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How do you induce passing gas post-op?

Posted

Specializes in OB, ER. Has 12 years experience.

So it's 12 days since surgery to remove a bladder and make a new one from intestine. Still no gas, nausea with the littlest bit of oral intake. Is this ever normal? The doctor doesn't seem concerned and just wants to wait. I'm concerned the patient is frustrated and was supposed to be home already. Xray shows ileus. Otherwise healing well from surgery. Are there any tricks to get things moving other then moving. He does walk the halls a lot already.

12 days?! Sheesh. Distension? Tympany/pain on palp? Bowel movement?

MassED, BSN, RN

Specializes in ER. Has 15 years experience.

hold on, lemme go ask my husband...

For the normal patient who is sort of distended: Have them lie on one side with their knee pulled up (as if you're going to give them an enema.) Have them lie there for plus or minus 10 minutes. Then lie on their backs for an equal amount of time. Then lie on their other side with their knee pulled up... about the same amount of time. The principle is that gas will rise to the "top" and the bubble of gas will work its way through the sigmoid.

For someone who is deathly ill with constipation (and I've seen it happen) a cholinomimetic drug will cause peristalsis and relax sphincters. But this patient has suture lines in the gut and it could be (almost certainly will be) too forceful for this patient.

For the same reason, the surgeon probably won't order any enemas? The notion is to keep any pressure off the sutures. Having said that, gas accumulation could put tension on a suture line also.

Good luck.

1icurn.jn

Specializes in med/surg, emergency room.

chewing gum if ok with MD.

P_RN, ADN, RN

Specializes in ORTHOPAEDICS-CERTIFIED SINCE 89. Has 30 years experience.

NG tube?

Stand him on his head. Gas rises right? Right. Then apply gentle yet firm squeezes to the lower (now upper) abdomen.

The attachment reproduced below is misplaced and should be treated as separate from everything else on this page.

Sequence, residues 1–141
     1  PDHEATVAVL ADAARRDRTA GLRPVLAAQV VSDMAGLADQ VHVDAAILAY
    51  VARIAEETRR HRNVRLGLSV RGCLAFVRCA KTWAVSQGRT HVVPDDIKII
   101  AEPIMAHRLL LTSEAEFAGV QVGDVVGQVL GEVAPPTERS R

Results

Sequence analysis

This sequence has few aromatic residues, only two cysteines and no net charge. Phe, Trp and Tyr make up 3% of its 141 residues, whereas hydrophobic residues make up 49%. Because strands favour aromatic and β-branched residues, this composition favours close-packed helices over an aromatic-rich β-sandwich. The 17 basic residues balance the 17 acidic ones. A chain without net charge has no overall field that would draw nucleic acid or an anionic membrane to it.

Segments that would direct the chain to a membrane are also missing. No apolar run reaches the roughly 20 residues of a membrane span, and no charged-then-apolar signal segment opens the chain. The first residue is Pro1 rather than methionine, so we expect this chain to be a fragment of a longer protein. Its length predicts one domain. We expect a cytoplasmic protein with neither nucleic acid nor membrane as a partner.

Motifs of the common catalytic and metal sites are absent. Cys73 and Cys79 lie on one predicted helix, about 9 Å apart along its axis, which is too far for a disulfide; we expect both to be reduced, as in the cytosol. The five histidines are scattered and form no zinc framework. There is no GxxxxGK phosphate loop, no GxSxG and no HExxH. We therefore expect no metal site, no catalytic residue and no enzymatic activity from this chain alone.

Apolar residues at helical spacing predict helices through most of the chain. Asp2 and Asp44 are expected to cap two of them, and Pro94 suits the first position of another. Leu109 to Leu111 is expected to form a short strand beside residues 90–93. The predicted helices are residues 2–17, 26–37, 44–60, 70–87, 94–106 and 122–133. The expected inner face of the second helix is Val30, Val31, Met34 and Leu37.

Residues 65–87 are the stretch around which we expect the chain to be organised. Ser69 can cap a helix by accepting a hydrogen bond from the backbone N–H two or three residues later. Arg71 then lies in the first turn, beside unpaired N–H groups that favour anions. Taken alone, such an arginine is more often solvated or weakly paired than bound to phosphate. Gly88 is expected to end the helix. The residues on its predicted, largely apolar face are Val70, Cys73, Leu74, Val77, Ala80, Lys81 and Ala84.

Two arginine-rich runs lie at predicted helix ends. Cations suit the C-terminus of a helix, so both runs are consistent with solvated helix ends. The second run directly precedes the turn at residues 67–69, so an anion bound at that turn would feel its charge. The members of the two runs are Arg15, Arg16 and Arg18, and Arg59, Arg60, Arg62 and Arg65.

Journal of Relief.

Look up the yoga poses called cat and cow. You basically get on your hands and kneed and alternatively arch your back and extend your neck and butt. Also, lying on your back and hugging your knees and rocking side to side works too

But holy cow, 12 days?? Isn't that concerning?

casi, ASN, RN

Specializes in LTC. Has 3 years experience.

Has he had a bowel movement?

canesdukegirl, BSN, RN

Specializes in Trauma Surgery, Nursing Management. Has 14 years experience.

Did this pt have a Kock pouch procedure?

I think that perhaps increasing some oral intake would help to a degree. What is the pt taking for nausea? Zofran? What kind of narcs are they on? It is helpful that the pt is ambulating. I am as concerned as you are that this pt has not had any gas. What do you find on auscultation of the abdominal quadrants?

I would try to encourage fluids if the pt is able to tolerate it. Start slowly, of course. If the pt is not able to tolerate PO, inquire about different medications to abate nausea. I know that MDs are trying to stay away from Phenergan (and rightly so because there is not a reversal drug for Phenergan) because in days past, MDs would routinely prescribe Phenergan and various narcs post op. This left the pt feeling extremely groggy and not at all open to the thoughts of ambulating.